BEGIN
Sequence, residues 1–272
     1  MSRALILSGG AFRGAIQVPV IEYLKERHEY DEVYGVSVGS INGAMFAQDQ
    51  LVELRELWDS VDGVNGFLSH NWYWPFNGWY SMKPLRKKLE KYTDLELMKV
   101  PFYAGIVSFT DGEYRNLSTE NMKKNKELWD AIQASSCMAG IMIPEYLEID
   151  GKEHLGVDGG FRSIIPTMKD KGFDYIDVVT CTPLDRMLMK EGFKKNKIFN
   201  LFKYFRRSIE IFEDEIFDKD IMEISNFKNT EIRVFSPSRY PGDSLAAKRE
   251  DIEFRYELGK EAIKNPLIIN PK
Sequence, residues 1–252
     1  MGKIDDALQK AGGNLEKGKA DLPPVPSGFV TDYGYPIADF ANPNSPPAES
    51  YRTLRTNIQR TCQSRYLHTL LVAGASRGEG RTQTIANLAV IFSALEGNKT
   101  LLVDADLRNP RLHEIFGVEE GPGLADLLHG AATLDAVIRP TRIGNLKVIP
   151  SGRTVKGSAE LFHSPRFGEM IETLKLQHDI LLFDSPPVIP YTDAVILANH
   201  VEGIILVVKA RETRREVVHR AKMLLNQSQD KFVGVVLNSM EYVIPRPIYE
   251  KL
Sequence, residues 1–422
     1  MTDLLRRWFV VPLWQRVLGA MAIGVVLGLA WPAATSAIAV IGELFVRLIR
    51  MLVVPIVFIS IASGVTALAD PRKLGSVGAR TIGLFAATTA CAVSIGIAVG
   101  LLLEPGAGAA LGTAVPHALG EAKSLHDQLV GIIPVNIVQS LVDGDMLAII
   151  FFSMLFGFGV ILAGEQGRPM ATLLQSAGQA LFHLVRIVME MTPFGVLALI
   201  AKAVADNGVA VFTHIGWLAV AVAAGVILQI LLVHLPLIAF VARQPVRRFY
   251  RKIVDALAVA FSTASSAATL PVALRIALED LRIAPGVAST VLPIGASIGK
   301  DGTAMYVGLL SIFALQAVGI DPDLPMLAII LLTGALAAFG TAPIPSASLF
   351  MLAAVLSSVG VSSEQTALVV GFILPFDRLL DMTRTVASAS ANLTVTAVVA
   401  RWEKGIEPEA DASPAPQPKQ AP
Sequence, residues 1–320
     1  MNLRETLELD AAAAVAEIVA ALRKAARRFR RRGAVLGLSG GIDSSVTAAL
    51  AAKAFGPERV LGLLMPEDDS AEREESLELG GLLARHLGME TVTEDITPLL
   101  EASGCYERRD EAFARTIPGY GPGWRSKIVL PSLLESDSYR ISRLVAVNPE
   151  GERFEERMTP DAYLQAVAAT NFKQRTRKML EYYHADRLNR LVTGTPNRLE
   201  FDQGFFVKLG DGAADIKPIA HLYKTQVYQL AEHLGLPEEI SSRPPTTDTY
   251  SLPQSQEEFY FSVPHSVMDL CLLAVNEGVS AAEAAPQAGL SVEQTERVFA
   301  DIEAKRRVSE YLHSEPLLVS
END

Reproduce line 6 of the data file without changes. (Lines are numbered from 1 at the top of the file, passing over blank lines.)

   201  LFKYFRRSIE IFEDEIFDKD IMEISNFKNT EIRVFSPSRY PGDSLAAKRE